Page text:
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Investigators Update 2-Year Data on Safinamide Use in Parkinson’s Disease Patients


Christin Melton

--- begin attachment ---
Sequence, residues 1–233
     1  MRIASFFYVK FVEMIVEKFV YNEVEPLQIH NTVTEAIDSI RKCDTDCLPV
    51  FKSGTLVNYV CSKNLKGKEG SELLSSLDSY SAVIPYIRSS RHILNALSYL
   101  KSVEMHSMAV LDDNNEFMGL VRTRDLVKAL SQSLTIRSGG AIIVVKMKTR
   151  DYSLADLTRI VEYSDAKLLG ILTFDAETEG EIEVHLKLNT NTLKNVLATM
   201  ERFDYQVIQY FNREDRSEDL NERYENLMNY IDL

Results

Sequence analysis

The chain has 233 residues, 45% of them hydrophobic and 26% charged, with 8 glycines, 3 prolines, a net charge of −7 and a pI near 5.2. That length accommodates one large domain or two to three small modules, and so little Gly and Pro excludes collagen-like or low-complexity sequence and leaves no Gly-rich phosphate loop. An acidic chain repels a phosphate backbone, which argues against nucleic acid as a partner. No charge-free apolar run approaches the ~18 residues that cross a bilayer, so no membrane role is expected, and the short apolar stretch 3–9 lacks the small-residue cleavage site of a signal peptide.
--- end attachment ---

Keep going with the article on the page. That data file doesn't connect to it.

Honolulu—A 2-year trial of patients with Parkinson’s disease (PD) and motor fluctuations found the addition of daily safinamide increased the amount of time each day in which patients experienced symptom relief with levodopa (ON time) and little to no dyskinesia. Safinamide is a novel agent being investigated as an adjunct therapy to dopamine agonists for patients with early PD and to levodopa for patients with mid- to late-stage PD. The oral drug has dopaminergic and nondopaminergic mechanisms of action, increasing dopamine levels through selective inhibition of monoamine oxidase (MAO)-B, dopamine reuptake, and glutamate release. In a 2-part investigation of safinamide use, consisting of a 6-month phase 3 clinical trial (Study 016) and an 18-month extension study (Study 018), investigators assessed the safety and efficacy of 50-mg and 100-mg daily doses of safinamide in patients with mid- to late-stage PD. Updated 24-month data were presented in a poster session at the AAN meeting. The poster was titled First Long-Term (2-year) Controlled Study to Evaluate Treatment with Safinamide as Add-on to Levodopa in Patients with Parkinson’s Disease and Motor Fluctuations. Study 016 included 669 patients aged 30 to 80 years with idiopathic PD (4 at baseline showed significant improvement in ON time DRS scores at 24 weeks with safinamide 100 mg versus placebo (P=.03). Patients in this subgroup assigned to safinamide 100 mg were more likely to have their levodopa dose decreased compared with patients randomized to safinamide 50 mg or placebo (15.8% vs 19.8% vs 26.3%, respectively). The authors noted that, overall, patients in the safinamide 100-mg group demonstrated greater improvement in motor function, non-motor symptoms such as depression and activities of daily living, and clinical status compared with patients in the other arms. At the end of Study 016, patients taking safinamide experienced an increase in the average amount of ON time each day with no/minor dyskinesia and a decrease in the average amount of OFF time compared with patients given placebo. This study was funded by Newron and Merck Serono S.A.-Geneva.

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